I think when you have skilled practitioners with a lot of experience, it’s important to let them take risks. I think the easiest way to get your audience interested is to have them look at your work and go “Whoa! What is this? I don’t recognise this, but I am liking what I’m seeing!” I think Hundreds manages to do this to some degree, and it’s important for reaching a new audience and for establishing a good relationship with the audience you’re seeking, as a creator.
Why is iOS the preferred platform for mobile game developers over Android? Do you see this changing anytime soon?
I think iOS has been pretty dominant for two main reasons: unified devices, and commerce-oriented audience. In a lot of ways, these both boil down to the actual hard plastic rectangle of the phone itself. For years now, the Apple devices have just been quantifiably vastly higher quality devices. Almost no one bought an Android phone because they wanted it more than an iPhone. So the Android owners out there, there were a lot of them, but there wasn’t a huge proportion of them that bought an Android phone specifically as an entertainment device to use with a pre-established storefront like iTunes. I think pretty naturally that meant that a very small proportion of Android owners even cared about Google Play. The other thing about the phones themselves is there are like a hundred or a few hundred Android phones, with dozens, if not hundreds, of different screen sizes and resolutions and GPU manufacturers and memory amounts, and so on. As a developer, that can be a pretty nightmarish scenario, depending on the game you’re building, and so on.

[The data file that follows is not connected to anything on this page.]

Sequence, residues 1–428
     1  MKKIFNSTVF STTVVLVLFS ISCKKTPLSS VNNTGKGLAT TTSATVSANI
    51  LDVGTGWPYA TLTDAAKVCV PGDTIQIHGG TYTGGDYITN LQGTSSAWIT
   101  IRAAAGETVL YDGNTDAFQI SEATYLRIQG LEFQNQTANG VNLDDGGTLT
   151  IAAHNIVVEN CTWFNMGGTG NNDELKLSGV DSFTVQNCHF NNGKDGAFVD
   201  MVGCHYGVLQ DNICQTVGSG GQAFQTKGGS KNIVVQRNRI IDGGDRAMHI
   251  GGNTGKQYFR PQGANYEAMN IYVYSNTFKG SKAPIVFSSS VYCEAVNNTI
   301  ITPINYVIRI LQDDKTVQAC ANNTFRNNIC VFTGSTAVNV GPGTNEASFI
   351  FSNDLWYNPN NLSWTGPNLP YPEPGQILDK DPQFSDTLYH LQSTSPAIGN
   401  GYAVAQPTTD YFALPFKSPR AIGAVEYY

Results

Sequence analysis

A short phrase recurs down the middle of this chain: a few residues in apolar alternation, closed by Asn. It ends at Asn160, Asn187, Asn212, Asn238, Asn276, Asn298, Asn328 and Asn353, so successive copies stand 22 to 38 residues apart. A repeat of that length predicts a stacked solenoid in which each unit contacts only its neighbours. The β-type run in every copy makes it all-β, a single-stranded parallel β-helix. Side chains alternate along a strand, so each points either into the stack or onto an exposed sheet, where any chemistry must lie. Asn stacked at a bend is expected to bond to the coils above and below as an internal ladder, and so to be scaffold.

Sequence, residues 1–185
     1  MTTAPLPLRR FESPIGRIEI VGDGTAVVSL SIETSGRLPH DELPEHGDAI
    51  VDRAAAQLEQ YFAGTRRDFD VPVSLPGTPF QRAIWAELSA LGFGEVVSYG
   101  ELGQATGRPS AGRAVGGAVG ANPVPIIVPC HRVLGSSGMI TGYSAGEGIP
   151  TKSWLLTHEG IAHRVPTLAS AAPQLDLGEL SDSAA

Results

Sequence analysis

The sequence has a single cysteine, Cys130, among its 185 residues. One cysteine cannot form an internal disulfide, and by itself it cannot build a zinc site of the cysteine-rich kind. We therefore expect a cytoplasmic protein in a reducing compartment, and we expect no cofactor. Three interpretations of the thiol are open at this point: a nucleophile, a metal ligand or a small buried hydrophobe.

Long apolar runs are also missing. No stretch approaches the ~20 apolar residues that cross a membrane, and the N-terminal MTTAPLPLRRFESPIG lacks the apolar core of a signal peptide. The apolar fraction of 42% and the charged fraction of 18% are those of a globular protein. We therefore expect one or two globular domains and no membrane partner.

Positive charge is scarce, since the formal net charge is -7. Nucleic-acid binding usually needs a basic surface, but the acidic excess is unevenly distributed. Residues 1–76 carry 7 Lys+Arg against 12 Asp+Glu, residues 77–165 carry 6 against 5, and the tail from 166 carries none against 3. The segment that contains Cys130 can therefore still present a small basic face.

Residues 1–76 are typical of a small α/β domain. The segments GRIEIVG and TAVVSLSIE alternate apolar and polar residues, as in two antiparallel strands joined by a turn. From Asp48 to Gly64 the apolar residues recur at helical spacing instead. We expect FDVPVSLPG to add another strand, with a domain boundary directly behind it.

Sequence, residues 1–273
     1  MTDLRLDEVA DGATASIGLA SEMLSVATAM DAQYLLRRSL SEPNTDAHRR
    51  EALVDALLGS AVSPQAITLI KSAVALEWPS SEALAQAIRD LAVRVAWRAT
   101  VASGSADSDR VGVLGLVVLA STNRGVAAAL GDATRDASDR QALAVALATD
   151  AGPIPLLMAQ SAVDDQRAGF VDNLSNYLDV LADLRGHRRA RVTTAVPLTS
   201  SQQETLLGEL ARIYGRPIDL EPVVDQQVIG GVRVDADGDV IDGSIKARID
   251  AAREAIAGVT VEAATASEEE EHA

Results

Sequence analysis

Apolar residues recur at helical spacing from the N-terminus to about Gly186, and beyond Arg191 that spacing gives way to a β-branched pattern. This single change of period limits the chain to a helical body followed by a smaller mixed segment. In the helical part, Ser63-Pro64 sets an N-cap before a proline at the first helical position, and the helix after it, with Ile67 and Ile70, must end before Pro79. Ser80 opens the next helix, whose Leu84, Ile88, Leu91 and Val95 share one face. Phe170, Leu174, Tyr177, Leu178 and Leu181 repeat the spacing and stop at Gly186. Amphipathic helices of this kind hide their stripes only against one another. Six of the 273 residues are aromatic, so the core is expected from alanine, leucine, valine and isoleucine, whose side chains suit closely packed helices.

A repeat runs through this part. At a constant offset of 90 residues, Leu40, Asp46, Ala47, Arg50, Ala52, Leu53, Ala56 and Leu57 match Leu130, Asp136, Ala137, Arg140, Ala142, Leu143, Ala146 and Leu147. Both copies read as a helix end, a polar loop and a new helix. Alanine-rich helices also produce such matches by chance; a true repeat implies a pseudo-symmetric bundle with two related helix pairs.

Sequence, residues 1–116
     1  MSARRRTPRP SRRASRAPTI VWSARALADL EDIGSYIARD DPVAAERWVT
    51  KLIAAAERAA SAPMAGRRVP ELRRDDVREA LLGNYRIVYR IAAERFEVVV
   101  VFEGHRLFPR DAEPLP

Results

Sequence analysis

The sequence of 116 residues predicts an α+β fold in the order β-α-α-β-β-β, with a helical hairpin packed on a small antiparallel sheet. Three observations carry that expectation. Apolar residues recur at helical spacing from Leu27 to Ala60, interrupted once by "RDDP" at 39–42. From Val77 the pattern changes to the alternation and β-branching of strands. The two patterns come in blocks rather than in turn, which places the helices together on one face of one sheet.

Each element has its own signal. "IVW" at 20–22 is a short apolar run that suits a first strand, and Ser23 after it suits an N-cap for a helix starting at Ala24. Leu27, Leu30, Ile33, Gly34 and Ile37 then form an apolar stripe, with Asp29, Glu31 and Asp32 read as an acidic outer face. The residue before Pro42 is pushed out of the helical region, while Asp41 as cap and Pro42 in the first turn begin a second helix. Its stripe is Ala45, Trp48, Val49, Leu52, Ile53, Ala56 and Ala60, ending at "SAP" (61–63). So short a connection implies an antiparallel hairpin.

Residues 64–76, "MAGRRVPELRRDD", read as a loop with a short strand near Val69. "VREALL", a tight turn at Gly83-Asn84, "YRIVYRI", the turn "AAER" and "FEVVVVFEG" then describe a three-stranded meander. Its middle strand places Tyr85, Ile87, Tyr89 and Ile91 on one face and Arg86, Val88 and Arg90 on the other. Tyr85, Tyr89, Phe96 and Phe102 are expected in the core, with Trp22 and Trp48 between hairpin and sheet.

“A year ago, I would never have considered an Android port being worthwhile, financially. Now, we can’t afford not to put our games on Android!”
I think if you combine these two things, the high level of Android fragmentation, and the (until about a year ago) the lower quality of devices, you really naturally end up with an environment where doing apps commercially really favours the iOS side of things. Now that Android phones are much more competitive, especially the Samsung Galaxy phones, and there are quality tablets out there too, I think you see a lot of people preferring those devices to their Apple counterparts, and that is changing the audience and the customer base and people’s shopping habits. The fragmentation is still a hassle, but even a year ago, I would never have considered an Android port being worthwhile, financially. Now, we can’t afford not to put our games on Android!
Can we expect to see Hundreds on the Google Play Store in the near future?
The recently announced Playstation 4 is getting a lot of indie support. Can we expect to see something from you on the console as well?
You know I have no idea, but I would love that. I would love to design a console game someday. We’ll just have to wait and see.
Can you tell us a little bit about what you are working on currently?
We’re mainly focused on updating Hundreds and getting the Android port ready for showtime. We’re also working on a big Canabalt update, as well as getting it ready for the Ouya console.
Your top 5 games of 2012?
I think the games I loved the most in 2012 were Trials: Evolution, Mark of the Ninja, and XCOM. I also enjoyed Spelunky and Dishonored. Embarrassingly, the games I enjoyed the most recently were actually Vanquish and Dark Souls, which are from 2010 and 2011 respectively; I’m just that far behind in games. I’ve been meaning to play The Walking Dead, FTL and Starseed Pilgrim, and so many other things, and just not had the time. We live in a very cool time for videogames, that I am having this problem. Ha ha!